Once you are situated, hydrated and ready to work, aside from the T-Rex arm syndrome, you can go about your business. While I usually choose an aisle seat for easy access to the snack counter (what, you don’t fly Emirates Air?) a window seat lets you occasionally have a look out at the heavens above and the clouds below. You can indeed be both productive and relaxed in your edit suite with a view.

Thanks for reading. It is time to turn off my portable electronic device. Good thing I fully charged my



Posted by: Mike Cohen on Apr 20, 2009 at 7:10:47 pmComments (2) editing, travel

Comments

that's a hoot!
by Jiggy Gaton
i got plenty of windows at home but never on a plane, as i sit aisle exclusively. what's that cream dolphin looking thing above your laptop screen? is that the traytable lock? i used to travel with a 17" macbookpro and have had those things almost crack the glass when some big bozo started doing a lapdance in the seat ahead. i now travel with my wifes macbook to save space, but still worry everytime the seat starts to shift up and down in front of me. but i really like to work on planes as it fully absorbes me and i don't notice that i am flying @ 30,000 and the probabilities of winding up in a LOST-like episode are greater then anyone thinks. I just pray if anything goes wrong that I end up with Kate. cheers,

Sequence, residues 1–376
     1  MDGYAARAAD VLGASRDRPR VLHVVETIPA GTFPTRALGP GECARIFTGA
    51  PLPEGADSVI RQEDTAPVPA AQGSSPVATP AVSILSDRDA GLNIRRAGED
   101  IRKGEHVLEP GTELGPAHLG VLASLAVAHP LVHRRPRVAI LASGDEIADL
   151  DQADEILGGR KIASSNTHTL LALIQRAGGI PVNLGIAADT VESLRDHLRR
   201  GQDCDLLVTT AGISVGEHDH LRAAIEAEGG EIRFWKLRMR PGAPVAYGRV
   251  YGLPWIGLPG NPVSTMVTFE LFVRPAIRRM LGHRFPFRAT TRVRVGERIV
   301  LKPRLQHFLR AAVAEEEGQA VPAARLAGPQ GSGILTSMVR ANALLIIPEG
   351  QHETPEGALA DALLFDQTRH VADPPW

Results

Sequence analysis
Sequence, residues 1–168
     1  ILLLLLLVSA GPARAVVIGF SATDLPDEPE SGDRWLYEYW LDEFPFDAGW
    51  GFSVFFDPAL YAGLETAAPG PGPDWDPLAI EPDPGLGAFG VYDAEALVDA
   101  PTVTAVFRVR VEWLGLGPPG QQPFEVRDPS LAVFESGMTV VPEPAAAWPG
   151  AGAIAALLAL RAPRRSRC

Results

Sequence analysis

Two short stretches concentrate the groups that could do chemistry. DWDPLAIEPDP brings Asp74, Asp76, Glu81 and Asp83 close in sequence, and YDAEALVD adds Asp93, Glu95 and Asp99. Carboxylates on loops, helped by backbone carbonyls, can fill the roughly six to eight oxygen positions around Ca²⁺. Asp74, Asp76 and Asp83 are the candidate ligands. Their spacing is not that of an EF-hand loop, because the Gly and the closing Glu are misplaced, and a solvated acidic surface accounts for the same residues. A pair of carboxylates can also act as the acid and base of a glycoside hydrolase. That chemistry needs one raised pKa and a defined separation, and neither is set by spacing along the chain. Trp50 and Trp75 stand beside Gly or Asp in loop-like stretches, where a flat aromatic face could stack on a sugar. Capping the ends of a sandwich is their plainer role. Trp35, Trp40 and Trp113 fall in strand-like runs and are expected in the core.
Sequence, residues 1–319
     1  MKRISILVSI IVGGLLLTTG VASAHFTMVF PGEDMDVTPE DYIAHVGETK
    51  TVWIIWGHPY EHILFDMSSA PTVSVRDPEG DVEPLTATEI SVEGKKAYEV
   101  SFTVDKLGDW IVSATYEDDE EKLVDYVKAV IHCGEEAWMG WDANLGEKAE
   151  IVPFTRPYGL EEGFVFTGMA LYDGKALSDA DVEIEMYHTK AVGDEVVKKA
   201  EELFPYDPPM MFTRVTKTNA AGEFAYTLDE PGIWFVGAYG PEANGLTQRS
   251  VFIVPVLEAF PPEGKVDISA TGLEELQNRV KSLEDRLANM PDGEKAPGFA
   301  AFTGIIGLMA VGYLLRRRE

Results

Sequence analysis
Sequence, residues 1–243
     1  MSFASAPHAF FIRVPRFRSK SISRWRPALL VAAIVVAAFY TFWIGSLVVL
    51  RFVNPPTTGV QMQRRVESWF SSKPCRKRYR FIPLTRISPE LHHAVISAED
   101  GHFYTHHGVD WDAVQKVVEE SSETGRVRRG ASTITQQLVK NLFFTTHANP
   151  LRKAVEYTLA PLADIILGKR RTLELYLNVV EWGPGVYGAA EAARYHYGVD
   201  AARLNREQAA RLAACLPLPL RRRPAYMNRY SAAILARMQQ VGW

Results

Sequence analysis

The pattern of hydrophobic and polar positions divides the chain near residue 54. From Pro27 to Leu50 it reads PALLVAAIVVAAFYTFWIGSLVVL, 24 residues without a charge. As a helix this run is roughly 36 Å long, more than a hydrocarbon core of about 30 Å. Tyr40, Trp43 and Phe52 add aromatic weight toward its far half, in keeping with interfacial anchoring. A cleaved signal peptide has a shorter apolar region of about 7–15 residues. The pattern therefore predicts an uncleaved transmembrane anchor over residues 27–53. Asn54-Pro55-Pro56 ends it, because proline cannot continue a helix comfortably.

jigs

Room with a View
by Ken Harper
Very Very Cool!!!

I have NO windows.



I have a passion for my job, which entails training for medical professionals such as surgeons, nurses and administrators, not to mention various industries.

Technology is great, but how you apply your skills is what pays the bills.

Years ago I canceled my Media 100 support contract upon discovering what a treasure trove of helpful advice can be found on the Creative COW website. I am proud to be a part of this fantastic community.

In my blog I talk a little about media production, a lot about travel and workflow, and occasionally about cooking, nature and my four-legged friends.

Follow me on Twitter: med_ed_mike

I'm also on LinkedIn if you can't get enough of me!